Courtesy of Shervin Lainez
For some, an intimate dinner or movie date is the ultimate Valentine’s Day plan, but one band offers a different option, bringing its personal style of music to the stage.
Jukebox the Ghost is slated to perform at the Wexner Center for the Arts’ Black Box on Mershon Stage Thursday at 8 p.m.
The band is touring for its third full-length release “Safe Travels,” but does not plan to stick strictly to new songs for the tour, said guitarist and vocalist Tommy Siegel.
“We’re definitely a crowd-pleaser sort of a band,” Siegel said. “We did put a lot of art into our records, but when we’re playing live we really just want people to have a good time. (Concert attendees) can expect a nice mix of old and new, and we always do a tasteless cover or two.”
Jennifer Wray, marketing and media assistant at the Wexner Center, said the band offers a sense of closeness in its shows.
“With a performer like Jukebox the Ghost, it’s an intimate performance,” Wray said. “They have these very close-to-the-heart personal perspectives that they relate through their music”
This quality has garnered Brooklyn-based Jukebox the Ghost the most attention from its fans.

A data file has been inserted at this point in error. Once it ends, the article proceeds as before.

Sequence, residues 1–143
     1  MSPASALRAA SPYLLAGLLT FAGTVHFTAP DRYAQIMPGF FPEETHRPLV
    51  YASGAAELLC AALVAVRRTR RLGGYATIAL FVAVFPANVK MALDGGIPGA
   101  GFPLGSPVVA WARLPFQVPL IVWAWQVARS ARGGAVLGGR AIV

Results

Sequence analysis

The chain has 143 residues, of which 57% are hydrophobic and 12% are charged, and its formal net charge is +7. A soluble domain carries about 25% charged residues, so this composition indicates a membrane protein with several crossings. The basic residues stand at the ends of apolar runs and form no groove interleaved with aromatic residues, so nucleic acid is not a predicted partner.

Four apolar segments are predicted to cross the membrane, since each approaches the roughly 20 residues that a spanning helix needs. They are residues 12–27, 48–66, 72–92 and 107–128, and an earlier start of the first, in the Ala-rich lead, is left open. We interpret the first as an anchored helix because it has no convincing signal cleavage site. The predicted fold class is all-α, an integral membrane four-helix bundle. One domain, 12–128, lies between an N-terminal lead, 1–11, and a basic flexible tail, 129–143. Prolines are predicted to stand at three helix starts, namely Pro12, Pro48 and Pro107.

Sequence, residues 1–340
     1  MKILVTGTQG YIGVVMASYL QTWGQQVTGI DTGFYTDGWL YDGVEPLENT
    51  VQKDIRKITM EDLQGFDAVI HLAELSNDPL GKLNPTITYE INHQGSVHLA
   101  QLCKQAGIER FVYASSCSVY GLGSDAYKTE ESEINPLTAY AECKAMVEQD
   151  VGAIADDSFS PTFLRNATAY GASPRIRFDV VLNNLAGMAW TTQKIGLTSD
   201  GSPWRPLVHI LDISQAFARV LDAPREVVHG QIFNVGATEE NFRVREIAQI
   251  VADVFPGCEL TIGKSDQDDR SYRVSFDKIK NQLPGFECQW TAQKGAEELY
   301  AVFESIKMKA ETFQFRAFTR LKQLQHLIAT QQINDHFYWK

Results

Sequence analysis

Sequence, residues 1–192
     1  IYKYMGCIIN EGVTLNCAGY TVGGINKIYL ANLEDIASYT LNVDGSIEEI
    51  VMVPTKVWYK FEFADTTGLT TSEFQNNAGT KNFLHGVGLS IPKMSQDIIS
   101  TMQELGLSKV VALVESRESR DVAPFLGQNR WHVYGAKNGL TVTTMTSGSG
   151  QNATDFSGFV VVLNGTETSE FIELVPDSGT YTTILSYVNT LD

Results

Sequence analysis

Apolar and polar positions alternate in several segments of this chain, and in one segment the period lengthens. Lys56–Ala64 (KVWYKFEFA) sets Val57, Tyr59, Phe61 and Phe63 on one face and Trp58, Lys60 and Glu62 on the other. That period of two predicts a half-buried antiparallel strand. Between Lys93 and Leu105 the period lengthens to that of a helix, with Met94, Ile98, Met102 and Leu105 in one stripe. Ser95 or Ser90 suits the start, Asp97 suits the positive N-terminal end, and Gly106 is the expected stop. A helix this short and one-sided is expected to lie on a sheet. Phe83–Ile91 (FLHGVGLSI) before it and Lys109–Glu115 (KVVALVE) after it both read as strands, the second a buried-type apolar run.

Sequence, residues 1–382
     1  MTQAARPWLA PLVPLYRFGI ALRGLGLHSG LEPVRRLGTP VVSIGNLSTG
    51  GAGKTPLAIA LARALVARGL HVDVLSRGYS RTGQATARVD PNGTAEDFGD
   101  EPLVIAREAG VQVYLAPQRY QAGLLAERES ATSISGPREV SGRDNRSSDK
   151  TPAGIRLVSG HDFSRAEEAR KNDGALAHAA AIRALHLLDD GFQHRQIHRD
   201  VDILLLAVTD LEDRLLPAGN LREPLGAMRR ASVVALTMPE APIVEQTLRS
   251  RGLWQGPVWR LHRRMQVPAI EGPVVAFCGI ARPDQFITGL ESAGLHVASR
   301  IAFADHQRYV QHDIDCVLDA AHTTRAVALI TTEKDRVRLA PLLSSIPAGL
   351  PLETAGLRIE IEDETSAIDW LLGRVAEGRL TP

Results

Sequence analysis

“Their lyrics are extremely relatable,” said Anne Gubics, a fourth-year in linguistics and non-profit management. Gubics has seen Jukebox the Ghost five times in concert and plans to attend Thursday’s show.
Jukebox the Ghost’s music is “really personal,” she said.
Wray said the venue will accentuate this personal experience.
“(At the Black Box on Mershon Stage) there’s no kind of barrier between you and that stage space. You really are up close and personal with the musicians whose work you’re enjoying,” she said.
Siegel said the members of Jukebox the Ghost met while attending college at George Washington University in Washington, D.C. Now, Siegel and Ben Thornewill, the band’s pianist and vocalist, are the primary songwriters for the band.
“Ben and I both write independently, then we’ll bring it to the band to arrange,” Siegel said.
The third and final member of the band is drummer Jesse Kristin.
Jukebox the Ghost will celebrate nine years together this fall, and the pair’s songwriting has evolved with its age.
“We both have a clear sense of the kind of stuff that we know worked well for Jukebox the Ghost,” Siegel said. “When we’re writing it seems a little more targeted than it used to. We used to kind of struggle with writing for genres that didn’t quite sit with Jukebox the Ghost. Now it’s a little more honed in.”
Siegel said the band’s third album is its best work yet.
“We’re really proud of the new record,” he said. “This new one is the one I’m happiest with.”
Jukebox the Ghost’s performance is part of the Wexner Center’s “Next @ Wex” series, showcasing “a combination of young, indie scene music innovators as well as sort of breakout bands,” Wray said.
Tickets for the show are $12 through the Wexner Center’s website. Opening artists are Matt Pond and The Lighthouse and the Whaler.